Best in class. EPA has far surpassed deregulatory goals set by Trump’s executive order 13771, which stipulated agencies must cut two existing regulations for each new one issued. However, the agency has not been transparent enough in deciding which regulations to cut, according to a new EPA inspector general report.
In fiscal 2017, EPA had the highest number of deregulatory actions (16) of any federal agency compared to one new regulation. In fiscal 2018, the agency took ten deregulatory actions and three regulatory actions.
State limits. The Trump administration proposed a regulation allowing EPA to issue Clean Water Act permits over state objections about a project’s impact on climate change or air quality. At issue is Section 401 of the Clean Water Act, which gives states the right to “certify” that projects requiring permits comply with the federal law and state water quality standards. That means projects being permitted by EPA, the Army Corps of Engineers or the Federal Energy Regulatory Commission also must be approved or denied by state regulators.
In recent years, New York and Washington have used this certification process to deny permits for pipelines and coal terminals not just due to water quality concerns, but also because of their contribution to air pollution and climate change.
The proposal would prevent states from considering issues other than water quality in their certifications.
The Trump administration has consistently looked to limit the role of states in environmental regulatory actions—contrary to traditional Republican views of the state-federal relationship.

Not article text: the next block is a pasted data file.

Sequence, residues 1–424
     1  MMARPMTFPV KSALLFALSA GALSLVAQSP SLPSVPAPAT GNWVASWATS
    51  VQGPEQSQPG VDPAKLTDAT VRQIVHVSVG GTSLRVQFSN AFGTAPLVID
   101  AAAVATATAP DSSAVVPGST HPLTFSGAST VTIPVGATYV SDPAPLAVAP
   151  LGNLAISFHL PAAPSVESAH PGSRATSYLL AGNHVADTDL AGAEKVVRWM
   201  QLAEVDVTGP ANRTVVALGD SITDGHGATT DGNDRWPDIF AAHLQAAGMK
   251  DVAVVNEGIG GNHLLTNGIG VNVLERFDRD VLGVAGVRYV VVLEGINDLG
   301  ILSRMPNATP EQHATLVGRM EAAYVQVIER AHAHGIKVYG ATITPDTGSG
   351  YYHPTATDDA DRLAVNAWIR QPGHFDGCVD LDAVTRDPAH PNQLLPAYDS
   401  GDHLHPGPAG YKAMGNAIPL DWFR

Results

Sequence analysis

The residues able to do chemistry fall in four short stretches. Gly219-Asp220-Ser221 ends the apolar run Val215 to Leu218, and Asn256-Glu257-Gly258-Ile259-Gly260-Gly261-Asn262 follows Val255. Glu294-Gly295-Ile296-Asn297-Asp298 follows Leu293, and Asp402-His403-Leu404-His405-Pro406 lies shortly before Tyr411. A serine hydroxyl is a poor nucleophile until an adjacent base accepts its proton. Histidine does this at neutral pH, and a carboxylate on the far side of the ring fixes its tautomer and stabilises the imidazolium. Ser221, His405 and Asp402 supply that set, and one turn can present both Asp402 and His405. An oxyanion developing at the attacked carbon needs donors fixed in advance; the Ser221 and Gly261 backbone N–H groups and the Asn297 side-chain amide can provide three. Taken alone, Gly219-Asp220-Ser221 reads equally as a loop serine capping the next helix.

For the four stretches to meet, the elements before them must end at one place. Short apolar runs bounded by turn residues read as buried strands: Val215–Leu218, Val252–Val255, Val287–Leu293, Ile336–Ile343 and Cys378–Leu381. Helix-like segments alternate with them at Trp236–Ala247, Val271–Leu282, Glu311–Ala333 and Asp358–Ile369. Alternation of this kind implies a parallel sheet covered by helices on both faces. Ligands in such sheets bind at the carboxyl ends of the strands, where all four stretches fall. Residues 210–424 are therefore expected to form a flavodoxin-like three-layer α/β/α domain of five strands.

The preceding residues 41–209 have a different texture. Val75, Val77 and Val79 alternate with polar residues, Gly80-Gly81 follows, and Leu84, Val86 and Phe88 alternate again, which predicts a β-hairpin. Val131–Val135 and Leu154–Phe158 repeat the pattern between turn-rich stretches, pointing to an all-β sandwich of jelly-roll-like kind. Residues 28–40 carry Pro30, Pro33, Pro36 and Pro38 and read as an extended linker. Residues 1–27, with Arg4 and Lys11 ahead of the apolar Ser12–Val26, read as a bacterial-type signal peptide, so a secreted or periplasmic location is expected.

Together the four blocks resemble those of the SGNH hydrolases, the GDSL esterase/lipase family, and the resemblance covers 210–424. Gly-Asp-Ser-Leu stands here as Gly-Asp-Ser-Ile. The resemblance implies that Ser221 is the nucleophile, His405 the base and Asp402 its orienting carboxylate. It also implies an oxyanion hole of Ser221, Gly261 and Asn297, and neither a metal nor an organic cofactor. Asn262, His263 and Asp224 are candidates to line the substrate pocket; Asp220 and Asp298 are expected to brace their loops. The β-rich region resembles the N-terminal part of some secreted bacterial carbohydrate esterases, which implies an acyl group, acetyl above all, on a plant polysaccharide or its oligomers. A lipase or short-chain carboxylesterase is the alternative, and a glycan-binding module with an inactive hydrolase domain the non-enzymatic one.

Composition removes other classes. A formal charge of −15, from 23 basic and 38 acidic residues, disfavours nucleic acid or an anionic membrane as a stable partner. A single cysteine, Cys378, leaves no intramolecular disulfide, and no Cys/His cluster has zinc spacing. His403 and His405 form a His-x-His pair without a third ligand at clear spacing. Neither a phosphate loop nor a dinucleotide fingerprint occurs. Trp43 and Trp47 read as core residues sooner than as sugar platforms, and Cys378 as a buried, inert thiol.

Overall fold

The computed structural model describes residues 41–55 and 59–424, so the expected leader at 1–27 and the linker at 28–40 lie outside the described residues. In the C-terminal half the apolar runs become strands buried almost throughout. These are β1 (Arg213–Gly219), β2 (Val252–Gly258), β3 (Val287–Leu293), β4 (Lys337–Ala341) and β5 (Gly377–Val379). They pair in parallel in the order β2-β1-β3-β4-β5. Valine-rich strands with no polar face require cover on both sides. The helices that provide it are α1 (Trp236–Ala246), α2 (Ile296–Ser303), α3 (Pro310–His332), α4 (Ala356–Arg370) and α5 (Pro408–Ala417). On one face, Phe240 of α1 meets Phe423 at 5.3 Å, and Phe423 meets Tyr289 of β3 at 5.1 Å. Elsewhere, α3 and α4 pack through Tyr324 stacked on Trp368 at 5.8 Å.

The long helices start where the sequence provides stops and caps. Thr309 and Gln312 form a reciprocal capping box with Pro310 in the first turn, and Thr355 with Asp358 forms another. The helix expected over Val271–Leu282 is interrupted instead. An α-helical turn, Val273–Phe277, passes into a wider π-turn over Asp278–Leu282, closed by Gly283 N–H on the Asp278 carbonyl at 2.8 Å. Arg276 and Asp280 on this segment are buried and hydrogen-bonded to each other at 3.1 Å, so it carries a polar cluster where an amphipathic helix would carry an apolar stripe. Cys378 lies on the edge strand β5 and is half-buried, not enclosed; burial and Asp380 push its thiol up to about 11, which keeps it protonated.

For lands’ sake. Negotiators for the world’s governments signed off on a report that describes in alarming detail how agriculture, deforestation and other human impacts on lands are transforming the climate.
The report, from the United Nations’ Intergovernmental Panel on Climate Change (IPCC), shows the urgent need to overhaul the global food system to help control climate-warming emissions.
Written by more than 100 scientists from around the globe, the report takes an unprecedented look at the impacts of climate change on lands and the effects of land use on the climate.
The entire food production system, with transportation and packaging included, accounts for as much as 37 percent of total greenhouse gas emissions, and that better land use, less-meat-intensive diets and eliminating food waste should be global priorities, crucial to the immediate, all-out effort needed to forestall a climate catastrophe. (Inside Climate News)
Green Acres. Democratic lawmakers and presidential candidates want farmers to play a major role in climate policy in the wake of a landmark report from the Intergovernmental Panel on Climate Change urging an overhaul in global land management and agriculture.